The fate of the iconic Kisho Kurokawa-designed Nakagin Capsule Tower has been decided.
Completed in 1972, just two years after Osaka’s World Expo (what many consider to be peak Metabolist Movement), Tokyo‘s Nakagin Capsule Tower was the joining of 140 individual prefabricated cubes that existed on their own but also as one when joined two their two large towers. Embodying the post-war movement to a T, this organic approach to architecture would eventually slow down due to the 1973 oil crisis where many of the leaders of the movement shifted their attention to the Middle East.
As a result of the lack of budget for repairs and overall age, the Nakagin Capsule Tower eventually fell into a state of disarray. Over the years, as the number of full-time residents dwindled in the Nakagin, there were serval attempts to either renovate the capsules or tear down the structure completely — both costly decisions. It gets complicated as to the country of Japan and the Japan Institute of Architects, the Nakagin Capsule Tower is a national treasure, yet with it being situated so close to Ginza, it is also sitting on prime money-making land. To make matters worse, there hasn’t been a dedicated contractor to the large task since Kurokawa’s death in 2007.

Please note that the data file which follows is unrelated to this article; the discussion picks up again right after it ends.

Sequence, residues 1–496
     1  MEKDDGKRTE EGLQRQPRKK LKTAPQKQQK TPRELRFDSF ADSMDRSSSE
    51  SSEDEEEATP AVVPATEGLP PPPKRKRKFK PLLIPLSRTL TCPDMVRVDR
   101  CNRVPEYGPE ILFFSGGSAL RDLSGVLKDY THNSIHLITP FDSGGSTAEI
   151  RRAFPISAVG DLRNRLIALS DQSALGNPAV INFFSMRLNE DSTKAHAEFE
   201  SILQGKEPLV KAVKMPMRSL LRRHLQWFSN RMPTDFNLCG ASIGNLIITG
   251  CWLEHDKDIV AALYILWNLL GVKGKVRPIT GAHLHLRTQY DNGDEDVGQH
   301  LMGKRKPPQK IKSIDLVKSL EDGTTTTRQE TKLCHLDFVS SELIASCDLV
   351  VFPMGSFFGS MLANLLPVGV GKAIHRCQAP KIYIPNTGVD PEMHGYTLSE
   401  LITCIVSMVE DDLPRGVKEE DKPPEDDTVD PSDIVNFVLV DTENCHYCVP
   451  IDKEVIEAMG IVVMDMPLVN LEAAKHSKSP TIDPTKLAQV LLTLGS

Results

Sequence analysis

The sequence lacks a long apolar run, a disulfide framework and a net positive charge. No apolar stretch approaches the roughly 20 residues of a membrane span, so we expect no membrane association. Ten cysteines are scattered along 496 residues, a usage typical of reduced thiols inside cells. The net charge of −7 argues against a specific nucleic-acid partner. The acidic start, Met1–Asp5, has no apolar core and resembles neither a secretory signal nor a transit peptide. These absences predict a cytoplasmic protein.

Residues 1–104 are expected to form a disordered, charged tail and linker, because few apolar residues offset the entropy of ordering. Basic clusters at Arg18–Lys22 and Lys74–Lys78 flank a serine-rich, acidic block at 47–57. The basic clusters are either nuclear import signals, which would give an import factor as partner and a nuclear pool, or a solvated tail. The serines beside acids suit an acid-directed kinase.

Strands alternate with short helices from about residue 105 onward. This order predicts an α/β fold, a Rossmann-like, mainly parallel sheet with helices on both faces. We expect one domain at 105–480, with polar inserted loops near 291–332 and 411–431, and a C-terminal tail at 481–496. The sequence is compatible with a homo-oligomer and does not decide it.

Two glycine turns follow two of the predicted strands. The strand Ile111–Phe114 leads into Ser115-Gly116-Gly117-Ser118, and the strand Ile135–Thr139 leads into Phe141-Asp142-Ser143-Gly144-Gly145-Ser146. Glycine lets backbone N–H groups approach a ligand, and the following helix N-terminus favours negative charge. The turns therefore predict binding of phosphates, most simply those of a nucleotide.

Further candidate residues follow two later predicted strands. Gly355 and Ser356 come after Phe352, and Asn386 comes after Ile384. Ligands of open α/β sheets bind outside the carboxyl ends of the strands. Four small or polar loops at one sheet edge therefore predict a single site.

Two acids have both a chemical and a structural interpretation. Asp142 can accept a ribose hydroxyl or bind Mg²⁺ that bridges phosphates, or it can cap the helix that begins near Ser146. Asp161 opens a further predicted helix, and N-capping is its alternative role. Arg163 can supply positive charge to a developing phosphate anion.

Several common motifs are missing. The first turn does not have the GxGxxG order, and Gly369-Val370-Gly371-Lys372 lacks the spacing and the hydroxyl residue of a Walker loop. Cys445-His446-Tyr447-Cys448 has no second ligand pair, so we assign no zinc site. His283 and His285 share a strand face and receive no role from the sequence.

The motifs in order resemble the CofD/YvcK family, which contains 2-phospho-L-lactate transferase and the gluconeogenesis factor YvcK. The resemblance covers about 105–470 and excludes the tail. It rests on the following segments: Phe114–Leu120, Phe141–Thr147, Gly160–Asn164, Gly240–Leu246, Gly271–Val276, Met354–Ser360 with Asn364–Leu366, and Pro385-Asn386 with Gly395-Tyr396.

Hope was lost when the sale of the build went through back in March, but now, amidst the Tokyo Olympics, a plan has been put in place to save the spirit of the Nagakin. The Nakagin Capsule Tower Building Preservation and Regeneration Project is teaming up with Kisho Kurokawa Architects to acquire multiple units from the new owner for preservation. The entire building, in a very metabolic fashion, will now be broken down into individual cells where up to 140 of the capsules will be renovated through crowdfunding and donated to museums or sold for commercial use.
Each individual capsule will also be documented in an upcoming book which details each unit with the help of its current owner. This book is slated for a February 2022 release.
In other design news, Frank Gehry unveils a reflective stainless steel-clad tower in southern France.